Awarded the DSC for services during Operation Pedestal while serving as 2nd Officer on Clan Ferguson .

D.S.C. London Gazette 26 March 1943:

For bravery during the passage of a convoy to Malta.’

Arthur Huntington Black was born in Burnley, Lancashire in June 1908, and commenced his seagoing career with the Clan Line in early 1925. Having undertaken numerous voyages in the interim, and served variously as 4th and 3rd Mate, his first wartime appointment was as 2nd Mate in the Clan Campbell. Then in July 1943, he joined the Clan Ferguson, in which capacity he shortly found himself participating in one of the most important convoys of the 1939-45 War.

“Operation Pedestal” needs no introduction here, but it is worth recalling the bare facts: of the 14 merchantmen that set out, nine were sunk, including Clan Ferguson, and three damaged, while the Senior Service lost an aircraft carrier, two cruisers and one destroyer, as well as having another half a dozen ships damaged. For the likes of Arthur Black, aboard Clan Ferguson, the moment of truth arrived on Wednesday 12 August 1942, when his ship was hit by an aerial torpedo off Zembra Island and blew up in a spectacular fashion. Peter Smith takes up the story in his history, Pedestal: the Malta Convoy of August 1942:

‘A colossal explosion took place which led all who witnessed it to believe that she had blown up without survivors. The sheet of flame which followed set fire to the after part of the vessel and she began to rapidly settle by the stern. Many of the lifeboats were set on fire but most of the crew managed to get away on rafts, some using their steel helmets as paddles to get away from the blazing fuel on the sea.’

Watchers aboard the nearby Waimarama had seen firstly the Empire Hope struck by aerial missiles on their starboard beam, and then off their starboard bow the Clan Ferguson was likewise hit. Small wonder then they felt that enough was enough. An eyewitness recorded later:

‘We hauled out of line after this. I saw a terrific burst of flame, half a mile high, shoot up into the air. I cannot imagine how any of her crew escaped but soon after we heard shouts in the water. We could not risk the ship going too near the flames and were obliged to proceed. I did not see any escort standing by her so do not think that there could have been any survivors from her. We continued at full speed keeping inside territorial waters to avoid mines laid outside. For a long time the Clan Ferguson could be seen burning furiously and we saw several ships silhouetted by the light from her.’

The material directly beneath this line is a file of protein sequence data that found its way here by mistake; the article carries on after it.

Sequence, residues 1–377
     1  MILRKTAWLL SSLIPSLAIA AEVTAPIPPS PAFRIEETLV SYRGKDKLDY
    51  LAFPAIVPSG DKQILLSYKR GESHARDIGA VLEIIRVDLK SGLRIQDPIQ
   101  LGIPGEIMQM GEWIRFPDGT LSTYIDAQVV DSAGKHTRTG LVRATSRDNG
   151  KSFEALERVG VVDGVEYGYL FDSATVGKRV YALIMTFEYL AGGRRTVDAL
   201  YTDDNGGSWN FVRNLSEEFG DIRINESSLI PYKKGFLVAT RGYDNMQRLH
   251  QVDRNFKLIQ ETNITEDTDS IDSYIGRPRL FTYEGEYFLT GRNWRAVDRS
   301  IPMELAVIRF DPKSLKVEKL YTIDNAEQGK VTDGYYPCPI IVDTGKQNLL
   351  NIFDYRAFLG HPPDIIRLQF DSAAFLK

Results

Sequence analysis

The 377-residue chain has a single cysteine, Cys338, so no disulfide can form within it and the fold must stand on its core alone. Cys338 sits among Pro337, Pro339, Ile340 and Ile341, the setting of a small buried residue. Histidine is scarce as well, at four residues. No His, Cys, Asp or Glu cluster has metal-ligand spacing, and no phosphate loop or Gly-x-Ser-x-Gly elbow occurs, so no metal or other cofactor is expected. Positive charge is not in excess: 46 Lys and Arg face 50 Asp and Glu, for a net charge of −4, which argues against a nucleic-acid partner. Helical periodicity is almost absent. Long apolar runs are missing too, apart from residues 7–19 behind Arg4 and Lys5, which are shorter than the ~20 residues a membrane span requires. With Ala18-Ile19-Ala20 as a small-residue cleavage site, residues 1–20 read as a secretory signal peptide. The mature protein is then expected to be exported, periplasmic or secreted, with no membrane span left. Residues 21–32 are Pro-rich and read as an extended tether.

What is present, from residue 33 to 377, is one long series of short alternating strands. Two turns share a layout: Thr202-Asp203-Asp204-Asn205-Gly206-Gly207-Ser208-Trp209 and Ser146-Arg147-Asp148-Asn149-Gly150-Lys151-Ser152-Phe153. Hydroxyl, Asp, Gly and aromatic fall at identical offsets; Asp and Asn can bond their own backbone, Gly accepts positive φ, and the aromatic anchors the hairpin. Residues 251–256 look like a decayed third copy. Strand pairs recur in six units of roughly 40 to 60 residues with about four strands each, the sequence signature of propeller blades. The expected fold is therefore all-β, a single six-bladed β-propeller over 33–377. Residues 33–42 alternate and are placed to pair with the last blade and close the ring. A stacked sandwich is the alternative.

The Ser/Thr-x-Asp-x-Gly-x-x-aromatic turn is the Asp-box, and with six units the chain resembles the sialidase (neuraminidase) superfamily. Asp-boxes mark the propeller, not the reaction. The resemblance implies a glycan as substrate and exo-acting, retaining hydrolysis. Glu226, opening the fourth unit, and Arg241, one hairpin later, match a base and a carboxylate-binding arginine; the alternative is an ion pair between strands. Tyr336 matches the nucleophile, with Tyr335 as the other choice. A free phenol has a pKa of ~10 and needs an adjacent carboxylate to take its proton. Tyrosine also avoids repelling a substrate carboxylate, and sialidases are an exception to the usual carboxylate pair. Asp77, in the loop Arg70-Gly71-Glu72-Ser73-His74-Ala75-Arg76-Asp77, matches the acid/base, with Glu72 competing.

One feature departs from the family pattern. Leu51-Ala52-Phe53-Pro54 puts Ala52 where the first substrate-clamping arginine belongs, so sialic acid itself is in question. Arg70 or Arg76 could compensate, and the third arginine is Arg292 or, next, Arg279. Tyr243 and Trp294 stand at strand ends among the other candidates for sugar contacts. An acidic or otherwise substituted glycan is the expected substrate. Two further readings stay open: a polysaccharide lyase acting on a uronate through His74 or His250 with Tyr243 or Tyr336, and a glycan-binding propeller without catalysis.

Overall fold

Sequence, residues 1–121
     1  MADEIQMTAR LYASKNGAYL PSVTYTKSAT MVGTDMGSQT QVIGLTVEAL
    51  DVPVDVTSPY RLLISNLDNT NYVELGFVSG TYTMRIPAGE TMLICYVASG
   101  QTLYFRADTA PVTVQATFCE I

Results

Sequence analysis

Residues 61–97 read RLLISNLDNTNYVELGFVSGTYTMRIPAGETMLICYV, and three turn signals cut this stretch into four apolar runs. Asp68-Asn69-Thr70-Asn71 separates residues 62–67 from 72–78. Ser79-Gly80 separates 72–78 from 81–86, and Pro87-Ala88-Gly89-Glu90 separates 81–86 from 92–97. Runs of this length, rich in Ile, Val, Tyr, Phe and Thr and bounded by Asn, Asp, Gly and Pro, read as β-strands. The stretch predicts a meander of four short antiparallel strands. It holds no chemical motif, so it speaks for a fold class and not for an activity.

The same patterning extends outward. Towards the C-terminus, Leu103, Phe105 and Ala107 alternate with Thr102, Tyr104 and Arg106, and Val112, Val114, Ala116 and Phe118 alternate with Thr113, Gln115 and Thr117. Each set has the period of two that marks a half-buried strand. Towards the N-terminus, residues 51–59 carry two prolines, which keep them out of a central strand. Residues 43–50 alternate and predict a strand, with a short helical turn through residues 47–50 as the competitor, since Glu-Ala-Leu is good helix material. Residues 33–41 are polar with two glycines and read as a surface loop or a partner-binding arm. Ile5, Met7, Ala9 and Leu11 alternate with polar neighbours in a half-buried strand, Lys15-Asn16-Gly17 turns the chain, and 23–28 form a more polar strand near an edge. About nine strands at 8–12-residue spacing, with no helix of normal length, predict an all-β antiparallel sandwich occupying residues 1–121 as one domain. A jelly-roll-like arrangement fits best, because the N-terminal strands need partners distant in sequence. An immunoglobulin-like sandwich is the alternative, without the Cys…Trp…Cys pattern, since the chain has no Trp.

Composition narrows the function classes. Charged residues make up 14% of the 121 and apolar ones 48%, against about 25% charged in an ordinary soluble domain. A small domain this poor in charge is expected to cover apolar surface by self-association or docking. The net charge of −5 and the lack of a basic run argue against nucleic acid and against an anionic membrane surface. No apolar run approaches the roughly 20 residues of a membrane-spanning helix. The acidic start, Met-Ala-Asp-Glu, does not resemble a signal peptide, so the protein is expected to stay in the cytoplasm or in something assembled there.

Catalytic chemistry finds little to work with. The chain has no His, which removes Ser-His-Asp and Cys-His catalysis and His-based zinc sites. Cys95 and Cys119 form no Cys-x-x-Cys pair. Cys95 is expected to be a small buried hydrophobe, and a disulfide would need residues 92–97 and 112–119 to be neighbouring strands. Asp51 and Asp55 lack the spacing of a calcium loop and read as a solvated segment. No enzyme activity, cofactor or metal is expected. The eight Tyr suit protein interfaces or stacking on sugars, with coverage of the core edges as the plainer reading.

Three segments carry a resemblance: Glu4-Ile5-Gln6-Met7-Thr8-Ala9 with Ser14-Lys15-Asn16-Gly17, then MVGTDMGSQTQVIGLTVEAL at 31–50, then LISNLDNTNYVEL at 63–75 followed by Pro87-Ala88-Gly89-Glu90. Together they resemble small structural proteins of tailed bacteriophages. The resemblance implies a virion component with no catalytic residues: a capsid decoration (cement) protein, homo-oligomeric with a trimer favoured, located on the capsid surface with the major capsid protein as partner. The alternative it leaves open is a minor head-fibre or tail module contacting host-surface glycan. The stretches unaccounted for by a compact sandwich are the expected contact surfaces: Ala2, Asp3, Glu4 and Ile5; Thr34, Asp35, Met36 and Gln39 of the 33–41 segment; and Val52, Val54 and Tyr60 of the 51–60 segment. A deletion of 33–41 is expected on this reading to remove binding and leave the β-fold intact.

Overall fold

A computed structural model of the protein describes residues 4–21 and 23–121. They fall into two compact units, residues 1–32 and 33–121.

Despite the violence of the explosion many of her crew did in fact survive. Her Second Officer, Mr A. H. Black, gives a graphic description of those moments:

‘I could see the flames coming up from the engine-room skylight and the ship's side. The hatch covers were blown off Number Four Hold and two landing craft stowed on top were also blown off. Of the ship's four lifeboats, Number Three Boat was destroyed and all the others except Number One Boat caught fire. Three rafts were got away. There was a violent explosion in Number Five Hold and the ship appeared to sink about seven minutes after being hit. The oil blazed on the water for forty-eight hours and petrol cans kept floating to the surface and catching fire, as did the oil, causing thick black smoke. In all sixty-four men got away and were eventually equally divided on the four rafts which drifted apart.’

A very gallant act was performed by Midshipman Allson, on his first voyage. Reaching a small raft, he pushed it along in front of him and helped several badly burnt men aboard. These he later transferred to a larger raft. Their blazing vessel drifted away leaving them alone save for the fading sounds of battle ... ’

Black, who was picked up in one of his ship’s rafts by the Italians and temporarily interned in Tunisia, returned to the U.K. at the end of the year and finished the War as a 1st Mate of the Samdon. Post-war he remained actively employed by the Clan Line until taking early retirement in January 1951.

Arthur Huntington Black

DSC

Distinguished Service Cross, G.VI.R., the reverse officially dated ‘1943’ and privately inscribed ‘2nd Offr. A. H. Black, “Clan Ferguson” ’; 1939-45 Star; Atlantic Star; Africa Star; Burma Star; War Medal 1939-4

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